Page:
"We'll do everything we can [to make sure] power to the polls [is] restored as quickly as possible," he said.
Meanwhile, state Democratic Party Executive Director Derek Scarbro said the party is still making calls encouraging people to vote early, and providing rides to early voting locations as weather permits, but also is calling for caution.
"We certainly want people to be cautious. We don't want anyone to endanger themselves trying to vote," he said. "Early voting does continue all week long, and I imagine there will be time to take advantage of it once the storm passes."
Traditionally, the last Saturday before Election Day is one of the busier days for early voting, and Scarbro said this Saturday could be particularly busy if residents have to postpone early voting because of the storm.
"We do think there will be ample time for people to take care of early voting later this week," he said Monday.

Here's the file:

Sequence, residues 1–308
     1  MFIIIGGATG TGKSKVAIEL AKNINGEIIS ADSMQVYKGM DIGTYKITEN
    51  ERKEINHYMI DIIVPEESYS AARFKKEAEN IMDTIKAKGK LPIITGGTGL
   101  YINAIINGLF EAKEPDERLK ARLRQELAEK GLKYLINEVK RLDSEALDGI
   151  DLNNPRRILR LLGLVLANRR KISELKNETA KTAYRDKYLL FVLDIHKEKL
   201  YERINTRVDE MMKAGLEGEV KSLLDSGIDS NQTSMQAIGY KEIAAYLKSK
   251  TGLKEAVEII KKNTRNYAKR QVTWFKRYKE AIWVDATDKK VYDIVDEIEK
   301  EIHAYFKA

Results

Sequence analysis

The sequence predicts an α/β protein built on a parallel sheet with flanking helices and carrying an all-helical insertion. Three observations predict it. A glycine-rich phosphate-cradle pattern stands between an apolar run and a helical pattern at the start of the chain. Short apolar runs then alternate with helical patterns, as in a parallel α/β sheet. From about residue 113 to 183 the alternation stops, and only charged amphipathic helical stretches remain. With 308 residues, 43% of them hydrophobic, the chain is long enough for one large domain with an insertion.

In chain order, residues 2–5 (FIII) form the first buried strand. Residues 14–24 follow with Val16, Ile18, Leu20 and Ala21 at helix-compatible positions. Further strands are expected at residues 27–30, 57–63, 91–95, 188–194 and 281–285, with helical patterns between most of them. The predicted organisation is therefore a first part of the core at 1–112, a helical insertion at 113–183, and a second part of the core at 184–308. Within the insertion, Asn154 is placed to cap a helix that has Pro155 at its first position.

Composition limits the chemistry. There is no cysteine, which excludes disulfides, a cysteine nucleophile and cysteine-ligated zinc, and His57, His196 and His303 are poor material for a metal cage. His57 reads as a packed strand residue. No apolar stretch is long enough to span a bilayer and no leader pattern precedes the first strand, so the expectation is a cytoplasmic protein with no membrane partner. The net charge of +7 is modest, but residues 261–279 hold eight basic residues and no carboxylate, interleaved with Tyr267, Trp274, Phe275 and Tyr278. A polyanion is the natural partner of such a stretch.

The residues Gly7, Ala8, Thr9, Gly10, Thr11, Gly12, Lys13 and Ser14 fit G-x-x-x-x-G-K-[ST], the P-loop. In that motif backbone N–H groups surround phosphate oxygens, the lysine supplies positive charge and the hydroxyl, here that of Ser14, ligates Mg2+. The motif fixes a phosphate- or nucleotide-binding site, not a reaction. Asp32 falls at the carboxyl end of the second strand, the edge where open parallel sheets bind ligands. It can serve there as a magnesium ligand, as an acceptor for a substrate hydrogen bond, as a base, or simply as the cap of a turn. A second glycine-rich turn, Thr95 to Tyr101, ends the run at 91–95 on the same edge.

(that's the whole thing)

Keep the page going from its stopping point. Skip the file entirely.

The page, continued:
State Republican Party Chairman Conrad Lucas issued a statement Monday morning also urging caution but encouraging Republicans to vote early if weather permits.
"Citizens should keep travel to a minimum, as weather degrades," Lucas said. "If your area is not seriously affected by conditions, we encourage you to visit your county clerk and vote early."
Lucas urged Republicans to bank their votes now in the event Hurricane Sandy leaves long-term power outages and other storm damage in its wake, as occurred in parts of the state following the derecho this summer.
"We have no idea just how much this storm might impede early voting later this week and the Election Day next week," said Lucas.
Reach Phil Kabler at ph...@wvgazette.com or 304-348-1220.